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December 2, 2015 | Balls of Steel

A best-selling Canadian author of 14 books on economic trends, real estate, the financial crisis, personal finance strategies, taxation and politics. Nationally-known speaker and lecturer on macroeconomics, the housing market and investment techniques. He is a licensed Investment Advisor with a fee-based, no-commission Toronto-based practice serving clients across Canada.


When markets turn, they turn quickly. Investors with stocks, mutual or ETFs know that – which is why the smart ones have a balance among different assets classes. When some fall, others pop. But if you have all of your net worth in one thing, and you borrowed insanely to get it, Mr. Market can slay you. That’s worrying a lot of people in the shiny new T2 government.

To quickly follow on yesterday’s dismal post, consider this: last month in Calgary – the hottest housing market in the country two years ago – sales tumbled another 29%. The average price dropped more than 5% (even after the realtors fudged it). Listings shot 31% higher than a year earlier. Plus the length of time it takes to sell a house swelled 18%.

Even the local real estate board sounds defeated: “Calgary has continued to post job losses in the energy sector, unemployment levels are high, wages are down and recovery expectations have changed. All of these factors have contributed to the weak demand we have seen throughout the year.”

And this is just the start. Alberta real estate’s decline will likely pick up speed from here. Mr. Market ain’t happy.

The human toll when it comes to real estate is often total. People never learn, of course. Housing is the only asset that Canadians routinely pile every last dollar into, plus leverage to the extreme. This creates risk for everyone – the homeowner, the insurer (CMHC) and the economy. As so often stated on this pathetic blog, the risk was elevated absurdly as mortgage rates plunged into the 2% range, and stayed there. Borrowing became uncontrollable. So when we face the double threat of a commodity crisis and rising rates, look out.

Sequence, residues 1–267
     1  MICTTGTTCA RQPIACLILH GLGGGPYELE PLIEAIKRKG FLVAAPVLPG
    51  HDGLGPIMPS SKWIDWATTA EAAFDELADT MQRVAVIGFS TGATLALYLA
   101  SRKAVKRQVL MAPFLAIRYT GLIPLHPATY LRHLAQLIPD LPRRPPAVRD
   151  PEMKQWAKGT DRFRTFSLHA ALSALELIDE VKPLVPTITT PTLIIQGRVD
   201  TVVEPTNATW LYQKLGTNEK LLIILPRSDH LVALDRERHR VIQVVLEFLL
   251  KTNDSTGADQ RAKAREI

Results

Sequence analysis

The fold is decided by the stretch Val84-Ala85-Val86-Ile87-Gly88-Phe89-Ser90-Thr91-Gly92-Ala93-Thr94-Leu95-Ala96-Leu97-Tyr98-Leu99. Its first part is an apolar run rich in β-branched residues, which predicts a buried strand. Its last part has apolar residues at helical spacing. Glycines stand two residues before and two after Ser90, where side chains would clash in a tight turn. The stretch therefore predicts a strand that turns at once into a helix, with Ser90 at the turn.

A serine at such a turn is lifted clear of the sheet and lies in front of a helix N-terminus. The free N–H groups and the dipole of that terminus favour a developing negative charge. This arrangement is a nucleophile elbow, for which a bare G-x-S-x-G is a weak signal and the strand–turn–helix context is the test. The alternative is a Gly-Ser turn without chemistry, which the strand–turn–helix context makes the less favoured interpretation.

By the way, did you catch this comment posted here yesterday?

I’m a mortgage broker and just got the email today. Scotia raised the variable to prime minus 20 basis points as of tomorrow. That was P-65 about a month ago. Banks are chopping the discount fast. Will soon be at prime. Cheap money days are ending fast.

Now, imagine you’re a hot new prime minister in search of a selfie. The last thing you need in addition to Nannygate is a housing crash. You can’t change the Fed’s mind about its looming increase (confirmed on Wednesday). The bond market tells you to buzz off. You can’t even seduce oil prices higher, and meanwhile the damn Parliamentary Budget Officer is saying your deficit numbers are fiction and will double in the years to come – putting more upward pressure on rates, tanking housing.

Whaddya gonna do?

Be bold.

Yesterday one of the online journals of the mortgage broker biz, Canadian Mortgage Trends, broke a story that, if true, could change the course of many people’s financial lives. Within six weeks, we’re told, our new finance minister will announce that minimum down payments will double, from 5% to 10%. The new rules will be designed to give a break to first-time buyers and try to prevent the collapse of smaller markets with a graduated approach.

For example, 5% down for properties up to $500,000, then 7% down to a threshold of $700,000 and 10% above that. The impact would likely be quick, and dramatic. Prices would stabilize immediately, and the insane year/year jumps that we’ve seen in YVR and the GTA would end. After all, sellers will find it to their advantage to price below these key levels wherever possible in order to attract the greatest number of buyers. Lenders will demand more skin in the game by purchasers. A smaller universe of buyers for expensive listings will impact demand and valuations. And overall, the oil and rate chills will be intensified by a new one – affordability.

Like I said, bold. Consequential news. Especially coming on a day when Fed officials affirm the coming US rate increase, when our dollar cascades into the 74-cent range, when mortgage costs are already rising and oil loses another 4% of its value.

Recent research by the lending industry found that with 10% down payments, 115,000 recent buyers would have been locked out of the market – because they lacked the money. That eclipses all the deals than took place in the country’s largest market in 2014 (there were fewer than 93,000 transactions in the GTA last year). Just imagine the depth of that chill.

Now, none of this might come to pass. The Hot One might balk at such a fundamental cold shower for the one segment of the economy – snorfling debt and bidding on houses – that continues to expand. Then again, he might decide to do the right thing.

If so, I will start being more respectful.

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December 2nd, 2015

Posted In: The Greater Fool

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